Eero Saarinen was born in Kirkkonummi, Finland in 1910. He studied in Paris and at Yale University, after which he joined his father’s practice. Eero initially pursued sculpture as his art of choice. After a year in art school, he decided to become an architect instead. Much of his work shows a relation to sculpture. Saarinen developed a remarkable range which depended on color, form and materials. Saarinen showed a marked dependence on innovative structures and sculptural forms, but not at the cost of pragmatic considerations. He easily moved back and forth between the International Style and Expressionism, utilizing a vocabulary of curves and cantilevered forms.
“I believe very strongly that the whole field of design is all one thing. Therefore my interest in furniture”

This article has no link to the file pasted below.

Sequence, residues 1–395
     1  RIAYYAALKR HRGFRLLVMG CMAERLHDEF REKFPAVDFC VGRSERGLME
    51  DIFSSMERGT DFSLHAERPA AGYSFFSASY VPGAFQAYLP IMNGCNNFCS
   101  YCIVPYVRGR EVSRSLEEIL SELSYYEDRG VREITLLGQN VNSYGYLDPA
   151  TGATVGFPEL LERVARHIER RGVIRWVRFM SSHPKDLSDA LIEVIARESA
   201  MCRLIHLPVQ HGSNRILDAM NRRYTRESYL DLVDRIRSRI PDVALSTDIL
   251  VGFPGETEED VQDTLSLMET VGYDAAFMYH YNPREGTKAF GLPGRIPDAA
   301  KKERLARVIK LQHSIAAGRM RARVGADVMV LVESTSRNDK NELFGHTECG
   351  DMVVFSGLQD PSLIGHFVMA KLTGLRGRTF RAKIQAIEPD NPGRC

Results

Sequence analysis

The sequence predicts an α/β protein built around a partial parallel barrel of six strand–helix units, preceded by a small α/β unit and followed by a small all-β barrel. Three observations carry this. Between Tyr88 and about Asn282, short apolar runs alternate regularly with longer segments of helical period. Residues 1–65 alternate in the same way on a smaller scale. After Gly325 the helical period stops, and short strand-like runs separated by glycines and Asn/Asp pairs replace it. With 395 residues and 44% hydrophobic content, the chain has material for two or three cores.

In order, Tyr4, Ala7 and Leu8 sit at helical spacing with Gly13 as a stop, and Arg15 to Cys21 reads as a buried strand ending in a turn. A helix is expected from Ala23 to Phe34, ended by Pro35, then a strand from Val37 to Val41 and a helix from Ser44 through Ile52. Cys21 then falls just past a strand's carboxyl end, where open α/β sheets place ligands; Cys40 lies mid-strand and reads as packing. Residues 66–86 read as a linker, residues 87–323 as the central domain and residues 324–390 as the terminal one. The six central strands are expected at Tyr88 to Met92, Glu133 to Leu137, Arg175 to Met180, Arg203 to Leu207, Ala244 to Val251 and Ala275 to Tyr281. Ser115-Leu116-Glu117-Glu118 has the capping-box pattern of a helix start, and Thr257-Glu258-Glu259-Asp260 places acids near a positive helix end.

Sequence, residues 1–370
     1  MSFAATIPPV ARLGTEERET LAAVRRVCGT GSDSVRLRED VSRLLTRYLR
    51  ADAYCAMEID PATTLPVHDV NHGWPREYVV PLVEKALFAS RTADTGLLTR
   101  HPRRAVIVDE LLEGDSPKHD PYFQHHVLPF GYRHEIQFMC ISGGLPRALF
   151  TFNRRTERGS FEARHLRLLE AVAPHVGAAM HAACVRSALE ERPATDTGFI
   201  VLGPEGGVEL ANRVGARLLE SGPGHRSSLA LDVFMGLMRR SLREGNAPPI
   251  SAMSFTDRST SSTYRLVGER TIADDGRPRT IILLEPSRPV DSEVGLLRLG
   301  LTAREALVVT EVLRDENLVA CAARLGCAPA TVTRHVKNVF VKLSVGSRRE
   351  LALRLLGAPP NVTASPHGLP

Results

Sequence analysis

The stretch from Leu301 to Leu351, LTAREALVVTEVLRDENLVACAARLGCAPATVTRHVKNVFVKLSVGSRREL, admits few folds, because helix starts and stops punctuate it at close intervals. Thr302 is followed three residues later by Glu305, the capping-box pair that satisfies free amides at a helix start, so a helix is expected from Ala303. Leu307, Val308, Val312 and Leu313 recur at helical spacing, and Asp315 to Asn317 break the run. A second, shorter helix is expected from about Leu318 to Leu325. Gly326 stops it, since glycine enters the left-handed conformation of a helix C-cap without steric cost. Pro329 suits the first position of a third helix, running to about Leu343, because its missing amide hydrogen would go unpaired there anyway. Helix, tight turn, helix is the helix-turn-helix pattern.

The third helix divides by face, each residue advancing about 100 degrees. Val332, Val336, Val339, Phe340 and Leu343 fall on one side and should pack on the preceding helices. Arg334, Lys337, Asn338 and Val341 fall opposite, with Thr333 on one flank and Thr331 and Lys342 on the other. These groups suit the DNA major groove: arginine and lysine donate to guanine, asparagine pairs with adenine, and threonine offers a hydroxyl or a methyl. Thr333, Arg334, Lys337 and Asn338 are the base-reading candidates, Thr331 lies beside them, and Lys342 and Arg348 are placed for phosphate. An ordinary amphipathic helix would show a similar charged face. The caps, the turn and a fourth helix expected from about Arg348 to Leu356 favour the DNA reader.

– Eero Saarinen
- Use of Curves and Cantilevers.
- Innovative Structural and Sculptural Forms.
- Wide Range of Colors and Materials
Eero Saarinen’s work is marked by the use of curved lines. His original work shown here is a series of curvilinear forms. The adaptation employs similar construction with the omission of curved arms protruding from the back of the chair. The adaptation’s most obvious influence from Saarinen’s work can be seen when looking at the lower from portion of the seat.
The Tulip dining table below was designed By Saarinen in the 1940s and is still very popular today. Adaptations are available just about everywhere. This one is from IKEA.
Saarinen’s most famous work is probably the Gateway Arch in St. Louis, Missouri. The Arch was built as a monument to western expansion. After 30 years of discussion and design planning, the Arch opened to the public on July 24, 1967. I have been to St. Louis a few times and the Arch is always my favorite place to visit. I have taken a few great photos (I like to think of myself as a photographer) of the arch that I actually have up in my condo. Here are a few of my favorites: